Sure, we got good performances in the 1980s, 1990s, and 2000s but there were less of them and this is because fewer films were about a good script and giving an actor a chance to inhabit a character. You have to consider the financial backers of a picture probably love where motion picture making has gone the last 10 years. Their big films are comic book pictures and animation those don't require a "star" because the star is the costume or a drawing. Stars in the past just cost them a bunch of money and some of them could be a pain in the ass. Now, if you have an issue with the guy or gal playing the part just fire them and put somebody else in the suit.
Yes, in the B pictures now, which would be anything that is not a comic book, animation or Star Wars film, you can find actors and acting. There are actors working today I love. I love Brendan Gleeson, I will watch anything he is in.
If you want to look around, or watch Netflix, sure you'll find it. But not in the 'A' pictures playing in theaters. Today's 'A' list actors, meaning the people they are putting in those big films, typically all come from the Arnold Schwarzenegger school of acting. Deliver the one liner, look good in the suit, be goofy.
So what I am saying is not that there is no good acting or actors, but rather good acting and actors just have far less value today to the people that back a picture.
I'd call The Meg a good monster movie.
I still mostly disagree with your conclusion, Reggie. Your argument seems to be "Once you eliminate all the good movies, you're left with nothing but garbage." Of course. I'm sick of superhero movies, and I've only seen maybe 1/3 of them. As popular as they are, they're still far from all there is.
The movie system has changed. There is good and bad in that. it's not all bad. There are movie stars who can act. There are movie stars who can't act. That has always been the case. There are a lot of lesser known actors who are great actors. That has always been the case. In my book, there is nothing to wax poetic about the old movie system. It chewed people up and spit them out as much, and probably more than today. Where the best movies are found has changed somewhat. So what? If you want good movies, with good writing, with good directing, with good acting, there are plenty to choose from coming out all the time. And, movies are 10,000 times more accessible today than in the good old days. It's a win, as far as I'm concerned.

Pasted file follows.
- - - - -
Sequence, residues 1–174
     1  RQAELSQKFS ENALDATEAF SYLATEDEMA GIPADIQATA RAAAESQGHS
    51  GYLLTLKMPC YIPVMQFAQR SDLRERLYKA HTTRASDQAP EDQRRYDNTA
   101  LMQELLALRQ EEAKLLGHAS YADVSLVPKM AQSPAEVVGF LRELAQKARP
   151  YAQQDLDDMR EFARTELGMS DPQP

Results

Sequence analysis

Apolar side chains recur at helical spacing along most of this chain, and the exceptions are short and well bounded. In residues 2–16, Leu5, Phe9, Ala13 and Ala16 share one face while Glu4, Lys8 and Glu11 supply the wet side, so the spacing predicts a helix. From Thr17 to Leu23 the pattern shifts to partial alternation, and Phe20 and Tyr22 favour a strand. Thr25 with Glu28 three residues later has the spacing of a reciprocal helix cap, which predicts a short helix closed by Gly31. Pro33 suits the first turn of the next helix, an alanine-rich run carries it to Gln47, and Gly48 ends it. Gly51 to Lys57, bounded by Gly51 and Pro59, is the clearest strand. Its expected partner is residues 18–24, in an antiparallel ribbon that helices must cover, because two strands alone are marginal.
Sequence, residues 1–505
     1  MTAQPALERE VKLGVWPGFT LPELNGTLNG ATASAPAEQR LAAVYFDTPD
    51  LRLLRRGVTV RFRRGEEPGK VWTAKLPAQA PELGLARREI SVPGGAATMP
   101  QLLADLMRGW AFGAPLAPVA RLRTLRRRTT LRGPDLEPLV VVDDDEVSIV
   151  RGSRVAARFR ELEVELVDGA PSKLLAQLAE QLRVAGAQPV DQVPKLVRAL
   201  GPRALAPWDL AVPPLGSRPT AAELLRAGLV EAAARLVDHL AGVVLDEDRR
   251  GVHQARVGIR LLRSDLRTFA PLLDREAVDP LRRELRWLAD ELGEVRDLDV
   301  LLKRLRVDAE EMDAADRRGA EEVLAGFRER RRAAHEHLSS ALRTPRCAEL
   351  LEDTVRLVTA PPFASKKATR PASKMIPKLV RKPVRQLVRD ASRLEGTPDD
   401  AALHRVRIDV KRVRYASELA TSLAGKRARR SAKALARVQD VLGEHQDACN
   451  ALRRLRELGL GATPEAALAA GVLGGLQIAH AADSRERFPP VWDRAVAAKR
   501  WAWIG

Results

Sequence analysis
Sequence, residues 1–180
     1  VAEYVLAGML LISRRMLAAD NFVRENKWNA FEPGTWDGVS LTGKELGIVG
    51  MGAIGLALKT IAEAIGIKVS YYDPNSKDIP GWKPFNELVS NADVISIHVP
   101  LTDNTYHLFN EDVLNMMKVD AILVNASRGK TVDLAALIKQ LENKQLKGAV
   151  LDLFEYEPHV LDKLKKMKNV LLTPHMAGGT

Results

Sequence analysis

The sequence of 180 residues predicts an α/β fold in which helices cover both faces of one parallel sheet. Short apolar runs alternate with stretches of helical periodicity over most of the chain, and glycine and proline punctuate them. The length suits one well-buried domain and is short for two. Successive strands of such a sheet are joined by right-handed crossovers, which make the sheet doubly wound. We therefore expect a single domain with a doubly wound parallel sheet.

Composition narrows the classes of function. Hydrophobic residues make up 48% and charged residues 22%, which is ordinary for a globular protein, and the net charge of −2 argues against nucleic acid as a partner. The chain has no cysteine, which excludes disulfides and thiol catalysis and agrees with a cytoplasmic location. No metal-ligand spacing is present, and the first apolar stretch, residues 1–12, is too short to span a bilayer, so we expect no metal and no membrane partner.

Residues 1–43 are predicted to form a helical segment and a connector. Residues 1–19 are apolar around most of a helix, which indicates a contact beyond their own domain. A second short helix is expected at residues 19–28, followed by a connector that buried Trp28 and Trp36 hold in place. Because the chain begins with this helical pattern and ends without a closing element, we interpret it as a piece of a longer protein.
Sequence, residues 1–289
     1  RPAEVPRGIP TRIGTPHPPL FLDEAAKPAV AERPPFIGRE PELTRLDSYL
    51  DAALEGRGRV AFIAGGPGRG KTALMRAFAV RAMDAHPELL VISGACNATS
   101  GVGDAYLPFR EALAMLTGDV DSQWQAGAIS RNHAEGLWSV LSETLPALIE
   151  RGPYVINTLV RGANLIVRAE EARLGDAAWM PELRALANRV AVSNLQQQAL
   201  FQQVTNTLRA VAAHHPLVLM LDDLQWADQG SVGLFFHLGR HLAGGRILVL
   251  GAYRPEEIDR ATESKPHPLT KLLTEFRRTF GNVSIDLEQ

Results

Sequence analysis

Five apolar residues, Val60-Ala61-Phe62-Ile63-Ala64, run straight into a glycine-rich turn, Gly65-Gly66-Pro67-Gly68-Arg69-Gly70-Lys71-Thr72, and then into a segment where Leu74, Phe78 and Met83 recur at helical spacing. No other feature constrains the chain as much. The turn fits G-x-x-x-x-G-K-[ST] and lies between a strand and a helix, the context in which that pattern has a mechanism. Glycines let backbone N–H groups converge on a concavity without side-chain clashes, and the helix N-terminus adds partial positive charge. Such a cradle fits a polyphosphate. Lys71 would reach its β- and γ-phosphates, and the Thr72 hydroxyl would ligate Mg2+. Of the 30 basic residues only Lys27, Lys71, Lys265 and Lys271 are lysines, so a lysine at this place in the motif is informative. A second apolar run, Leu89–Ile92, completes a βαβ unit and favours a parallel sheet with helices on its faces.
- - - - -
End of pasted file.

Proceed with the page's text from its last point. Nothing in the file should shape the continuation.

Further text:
I believe that article said that DiCaprio's "franchise" was quality. I agree with that.
I don't care what others call a "Star" or what the old definition is. but I'll try to answer your question the best I can. I look at someone like Oscar Isaac. He can star in Star Wars movies, and in artsy movies by Alex Garland and the Coen Brothers. Someone like Felicity Jones can star in huge blockbusters, and intimate little dramas, simultaneously. "Stardom" is often such a vapid concept. My "stars" are actors who stretch themselves and have some guts in the roles they choose. In the old system, someone like Jennifer Lawrence would never have been allowed to star in the Hunger Games movies, and choose something like mother!. I think this is far better than the old limitations.
BTW, I almost never watch movies in the theater anymore. I have my HT for a reason. I know it's not the same. In some ways it's better, especially for my preferences. I have also been watching a lot of the new, streaming TV shows, which truly are where a lot of the best cinema is being made lately.